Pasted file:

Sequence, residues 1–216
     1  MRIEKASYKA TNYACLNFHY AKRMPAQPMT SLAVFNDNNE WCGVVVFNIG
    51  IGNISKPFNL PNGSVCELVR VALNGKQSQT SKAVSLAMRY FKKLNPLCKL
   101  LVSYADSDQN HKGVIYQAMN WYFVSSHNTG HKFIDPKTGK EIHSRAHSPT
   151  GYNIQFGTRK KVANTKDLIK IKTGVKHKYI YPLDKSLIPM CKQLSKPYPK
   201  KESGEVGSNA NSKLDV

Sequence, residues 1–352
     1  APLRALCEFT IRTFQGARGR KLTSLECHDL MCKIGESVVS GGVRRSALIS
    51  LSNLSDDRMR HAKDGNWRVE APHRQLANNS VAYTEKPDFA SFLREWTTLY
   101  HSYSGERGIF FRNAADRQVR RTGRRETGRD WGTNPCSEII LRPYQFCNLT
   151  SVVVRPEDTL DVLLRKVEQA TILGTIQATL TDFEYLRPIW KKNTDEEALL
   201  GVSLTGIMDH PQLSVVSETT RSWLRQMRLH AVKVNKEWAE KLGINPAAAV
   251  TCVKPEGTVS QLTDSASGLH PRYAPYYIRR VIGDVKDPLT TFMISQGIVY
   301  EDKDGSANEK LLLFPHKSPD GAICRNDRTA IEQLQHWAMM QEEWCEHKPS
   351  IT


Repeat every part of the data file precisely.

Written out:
Sequence, residues 1–216
     1  MRIEKASYKA TNYACLNFHY AKRMPAQPMT SLAVFNDNNE WCGVVVFNIG
    51  IGNISKPFNL PNGSVCELVR VALNGKQSQT SKAVSLAMRY FKKLNPLCKL
   101  LVSYADSDQN HKGVIYQAMN WYFVSSHNTG HKFIDPKTGK EIHSRAHSPT
   151  GYNIQFGTRK KVANTKDLIK IKTGVKHKYI YPLDKSLIPM CKQLSKPYPK
   201  KESGEVGSNA NSKLDV

Sequence, residues 1–352
     1  APLRALCEFT IRTFQGARGR KLTSLECHDL MCKIGESVVS GGVRRSALIS
    51  LSNLSDDRMR HAKDGNWRVE APHRQLANNS VAYTEKPDFA SFLREWTTLY
   101  HSYSGERGIF FRNAADRQVR RTGRRETGRD WGTNPCSEII LRPYQFCNLT
   151  SVVVRPEDTL DVLLRKVEQA TILGTIQATL TDFEYLRPIW KKNTDEEALL
   201  GVSLTGIMDH PQLSVVSETT RSWLRQMRLH AVKVNKEWAE KLGINPAAAV
   251  TCVKPEGTVS QLTDSASGLH PRYAPYYIRR VIGDVKDPLT TFMISQGIVY
   301  EDKDGSANEK LLLFPHKSPD GAICRNDRTA IEQLQHWAMM QEEWCEHKPS
   351  IT